There is no reason and never has been any reason why RICS members could not be energy assessors if they where suitably qualified. Maybe we should ask why so few of the RICS membership have the DipDEA qualification. Could it be that they consider the fees chargeable for Domestic Energy Assessments are to low?
            CMB Happy
            The content of the reports when done properly is a good assessment of a properties current energy efficiency, and how it can be improved. How you use the certificates and the value you get from them is up to you. Regarding the price of a survey, shop around you will be surprised at how low the cost is, but remember as with everything in this life the quality of service can be quite variable i.e. you get what you pay for!
            Fallenlord
            I hate to defend this government but you should look in to the many and various GOVERNMENT GRANT SCHEMES are available such as Warmfront. Many of these are claimed for by your tenant but the work improves your property at no or little cost to yourself.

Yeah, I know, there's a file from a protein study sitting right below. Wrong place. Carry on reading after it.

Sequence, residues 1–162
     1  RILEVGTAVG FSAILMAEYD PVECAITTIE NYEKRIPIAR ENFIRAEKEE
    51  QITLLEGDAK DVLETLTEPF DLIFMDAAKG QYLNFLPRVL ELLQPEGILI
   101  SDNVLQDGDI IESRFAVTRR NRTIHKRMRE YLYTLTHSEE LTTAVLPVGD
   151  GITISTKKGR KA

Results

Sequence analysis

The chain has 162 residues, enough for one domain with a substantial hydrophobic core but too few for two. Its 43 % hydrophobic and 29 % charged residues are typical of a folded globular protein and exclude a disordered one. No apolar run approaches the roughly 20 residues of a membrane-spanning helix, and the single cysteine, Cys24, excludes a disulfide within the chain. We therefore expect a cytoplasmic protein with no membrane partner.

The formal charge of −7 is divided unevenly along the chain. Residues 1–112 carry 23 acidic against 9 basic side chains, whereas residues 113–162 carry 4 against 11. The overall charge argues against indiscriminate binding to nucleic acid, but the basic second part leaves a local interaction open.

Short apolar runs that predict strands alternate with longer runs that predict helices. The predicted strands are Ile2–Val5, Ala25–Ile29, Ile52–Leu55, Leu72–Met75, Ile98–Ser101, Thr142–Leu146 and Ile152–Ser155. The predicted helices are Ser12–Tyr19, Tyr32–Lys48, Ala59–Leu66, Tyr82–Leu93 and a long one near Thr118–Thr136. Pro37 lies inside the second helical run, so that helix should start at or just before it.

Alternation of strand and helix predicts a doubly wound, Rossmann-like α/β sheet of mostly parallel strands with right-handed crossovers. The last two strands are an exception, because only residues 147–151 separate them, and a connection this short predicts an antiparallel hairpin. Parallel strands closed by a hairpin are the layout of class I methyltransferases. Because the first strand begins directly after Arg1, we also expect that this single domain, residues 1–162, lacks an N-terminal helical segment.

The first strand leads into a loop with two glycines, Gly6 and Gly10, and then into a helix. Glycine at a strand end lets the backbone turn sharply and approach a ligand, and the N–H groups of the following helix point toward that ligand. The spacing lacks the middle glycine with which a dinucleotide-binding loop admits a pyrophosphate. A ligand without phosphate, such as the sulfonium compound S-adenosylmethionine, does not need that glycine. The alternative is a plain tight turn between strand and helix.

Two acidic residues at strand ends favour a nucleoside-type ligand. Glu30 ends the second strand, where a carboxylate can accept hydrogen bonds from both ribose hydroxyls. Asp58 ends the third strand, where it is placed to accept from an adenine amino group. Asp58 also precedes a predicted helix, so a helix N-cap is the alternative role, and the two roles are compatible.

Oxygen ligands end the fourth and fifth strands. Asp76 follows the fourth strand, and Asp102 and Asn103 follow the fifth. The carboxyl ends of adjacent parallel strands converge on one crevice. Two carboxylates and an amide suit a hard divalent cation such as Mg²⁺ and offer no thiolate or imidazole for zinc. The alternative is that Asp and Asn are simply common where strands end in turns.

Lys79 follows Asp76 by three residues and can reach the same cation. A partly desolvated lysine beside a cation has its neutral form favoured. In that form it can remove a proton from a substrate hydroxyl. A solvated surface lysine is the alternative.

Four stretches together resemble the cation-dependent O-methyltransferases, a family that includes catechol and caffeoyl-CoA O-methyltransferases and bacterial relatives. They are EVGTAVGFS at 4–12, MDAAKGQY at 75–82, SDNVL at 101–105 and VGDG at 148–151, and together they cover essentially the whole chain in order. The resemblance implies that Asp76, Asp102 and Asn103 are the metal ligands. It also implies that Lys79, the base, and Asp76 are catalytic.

Hope this answers your questions gentlemen.

            Be Lucky

            Steve Iley DipDEA MIDEA

            Energy Surveys North East - Serving Teesside & Durham[/COLOR]

            Be like a duck
            calm on the outside
            but paddling like ....crazy

            Comment


              #7
              Yes we have used a couple of schemes although they have only been available for tenants on benefit.

              I feel that Mandatory EPCs will make almost minimal difference to the "let-ability" of a property, unless tenant demand suddenly dries up and with a general shortage of property nationally I cant see this happening. Certainly in our area tenants priorities are to find somewhere to live, rather than worry whether the emersion tank is lagged.

              The money used to advertise, train, administer, regulate etc could have been better spent reducing the costs of insulating homes thus making a direct contribution towards reducing energy wastage to everyone, rather than just giving out yet more advise and creating more bureaucracy.